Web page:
By Linda Asante-Agyei, GNA Special Correspondent, Geneva (Courtesy, Bill and Melinda Gates Foundation)
Geneva, April 20, GNA - Ghana has been described as one of the countries in Africa that has successfully eradicated Guinea worm and Trachomaas, which are part of the fight against Neglected Tropical Diseases (NTDs).
Ghana has therefore been certified by the World Health Organisation (WHO) since July 2014, whilst the elimination of Trachoma has been achieved since 2016 with the dossier preparation for verification of elimination ongoing.
Ghana’s Deputy Minister of Health, Mr Kingsley Aboagye-Gyedu who made this known at the on-going global summit on Neglected Tropical Diseases (NTDs) when he shared some of the success Ghana has chalked out in the area, said 3.8 million people in Upper West and Northern Regions have been freed from trachoma.
The five-day Summit, marks the fifth anniversary of the London Declaration, a historic document signed by leaders from diverse sectors committed to controlling, eliminating or eradicating 10 tropical NTDs by 2020.
Since the London Declaration, fewer people are suffering from these disabling diseases and many countries are eliminating them entirely.
NTDs are a group of debilitating infectious diseases such as elephantiasis, river blindness and trachoma that affect the world’s poorest communities.
These gains, have made possible by strong global partnerships, country leadership and investments in innovation and technology.
The 2017 summit marks the 5th anniversary of the WHO’s roadmap on NTDs and the London Declaration and to celebrate the milestone: “Uniting to Combat NTDs.”
Representatives of Member States, donor agencies, foundations, the private sector, academia and stakeholders and pharmaceutical companies are participating in the summit.
Mr Aboagye-Gyedu said government would rollout and intensify the deworming exercise of children for at least once a year to protect them from schistosomiasis, which made them vulnerable due to their play habits.
He said morbidity or complications had greatly reduced, high-risk districts changed from 47 down to three, moderate risk districts also changed from 138 to 54 and low risk districts also increased from 31 to 159.
The disease could cause mental debilitation, thus, reducing the child’s ability to learn.
The government he said would be investing in the use of technology to distribute drugs to the regions and communities who would be needing them and “this will be done with just by a press of a button, it will tell what kind of medicine is out of stock at which particular facility”.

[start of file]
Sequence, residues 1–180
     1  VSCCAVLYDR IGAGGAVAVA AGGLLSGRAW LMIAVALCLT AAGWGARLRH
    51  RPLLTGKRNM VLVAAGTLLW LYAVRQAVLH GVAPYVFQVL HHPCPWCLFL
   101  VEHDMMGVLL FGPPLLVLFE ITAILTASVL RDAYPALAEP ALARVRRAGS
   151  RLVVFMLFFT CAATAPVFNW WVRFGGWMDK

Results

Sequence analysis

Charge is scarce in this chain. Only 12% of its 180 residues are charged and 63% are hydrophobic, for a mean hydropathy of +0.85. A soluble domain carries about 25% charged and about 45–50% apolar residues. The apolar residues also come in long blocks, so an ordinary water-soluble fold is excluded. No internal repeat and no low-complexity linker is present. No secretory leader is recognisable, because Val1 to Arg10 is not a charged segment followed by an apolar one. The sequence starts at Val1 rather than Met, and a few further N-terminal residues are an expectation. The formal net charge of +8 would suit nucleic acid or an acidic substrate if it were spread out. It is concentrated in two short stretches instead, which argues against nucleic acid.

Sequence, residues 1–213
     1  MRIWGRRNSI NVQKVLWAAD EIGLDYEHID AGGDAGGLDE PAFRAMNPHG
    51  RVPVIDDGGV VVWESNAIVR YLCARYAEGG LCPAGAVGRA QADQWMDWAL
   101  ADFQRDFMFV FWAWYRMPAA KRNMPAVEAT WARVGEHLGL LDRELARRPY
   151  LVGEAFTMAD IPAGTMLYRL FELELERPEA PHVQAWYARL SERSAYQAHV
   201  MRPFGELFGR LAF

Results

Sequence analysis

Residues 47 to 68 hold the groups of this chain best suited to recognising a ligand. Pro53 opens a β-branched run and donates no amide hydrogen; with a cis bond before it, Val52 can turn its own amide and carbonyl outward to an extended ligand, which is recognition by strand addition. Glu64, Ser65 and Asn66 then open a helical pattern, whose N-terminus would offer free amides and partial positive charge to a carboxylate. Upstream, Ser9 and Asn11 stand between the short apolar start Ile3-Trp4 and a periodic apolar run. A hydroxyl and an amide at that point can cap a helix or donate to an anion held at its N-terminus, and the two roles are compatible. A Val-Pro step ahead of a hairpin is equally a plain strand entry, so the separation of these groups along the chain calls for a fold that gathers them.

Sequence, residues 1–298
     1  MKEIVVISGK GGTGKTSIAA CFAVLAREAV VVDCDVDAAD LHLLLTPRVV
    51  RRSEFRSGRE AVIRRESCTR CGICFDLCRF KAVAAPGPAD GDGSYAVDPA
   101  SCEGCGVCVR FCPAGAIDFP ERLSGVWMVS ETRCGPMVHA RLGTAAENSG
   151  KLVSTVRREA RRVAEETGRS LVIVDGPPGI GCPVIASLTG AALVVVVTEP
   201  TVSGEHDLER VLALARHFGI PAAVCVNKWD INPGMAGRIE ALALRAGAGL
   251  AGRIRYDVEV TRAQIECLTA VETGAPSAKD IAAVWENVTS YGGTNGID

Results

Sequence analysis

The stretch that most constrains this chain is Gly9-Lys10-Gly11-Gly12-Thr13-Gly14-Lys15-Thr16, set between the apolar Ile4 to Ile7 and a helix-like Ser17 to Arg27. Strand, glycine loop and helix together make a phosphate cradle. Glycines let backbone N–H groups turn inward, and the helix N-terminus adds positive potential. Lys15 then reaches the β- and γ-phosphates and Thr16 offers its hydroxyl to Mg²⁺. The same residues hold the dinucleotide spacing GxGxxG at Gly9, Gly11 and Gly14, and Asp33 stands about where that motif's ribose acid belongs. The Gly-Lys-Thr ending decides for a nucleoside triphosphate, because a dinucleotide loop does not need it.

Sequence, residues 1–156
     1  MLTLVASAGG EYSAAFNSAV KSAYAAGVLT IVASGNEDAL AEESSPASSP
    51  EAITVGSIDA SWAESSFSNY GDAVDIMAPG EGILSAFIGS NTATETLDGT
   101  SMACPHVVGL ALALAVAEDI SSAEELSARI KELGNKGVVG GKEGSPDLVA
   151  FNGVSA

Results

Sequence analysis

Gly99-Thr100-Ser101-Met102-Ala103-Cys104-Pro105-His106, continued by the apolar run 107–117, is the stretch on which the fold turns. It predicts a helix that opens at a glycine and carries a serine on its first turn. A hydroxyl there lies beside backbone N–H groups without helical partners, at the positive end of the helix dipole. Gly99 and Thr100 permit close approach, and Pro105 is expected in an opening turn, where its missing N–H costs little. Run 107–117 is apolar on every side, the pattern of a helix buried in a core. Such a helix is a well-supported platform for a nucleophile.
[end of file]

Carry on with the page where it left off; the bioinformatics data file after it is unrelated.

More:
The Deputy Minister pledged the commitment of the government in ensuring that the remaining NTDs were tackled with all seriousness to ensure their total elimination.
In an interview with Ghana’s NTDs Programme Manager Dr Nana Kwadwo Birituwm, on the NTD situation in Ghana, he explained that transmission has been broken in 81 out of 98 endemic districts for Lymphatic Filariasis, also known as Elephantiasis
He noted that 12.8 million at-risk populations have been freed out of 14.2 million at-risk or endemic population, adding that no new cases of elephantiasis or hydrocoeles have been reported.
Elephantiasis is a worm disease which is usually acquired in childhood and could cause the scrotum and breasts to swell to the size of a watermelon often leading to deformity, social stigma and isolation.
Dr Biritwum said no new cases of onchocerciasis blindness had been recorded for years, no new cases of onchocerciasis skin nodules or onchocerciasis dermatitis or skin changes, whilst transmission was markedly reduced (no hyper (high) or meso (medium) areas of endemicity but all moved to hypo (low endemicity).”
He explained that 85 hyper and meso- endemic districts for onchocerciasis, had moved to make now make 85 hypo endemic districts with an endemic population of about 4million.
“This indicates control to elimination for this disease is ongoing and very soon it would be eliminated from Ghana.”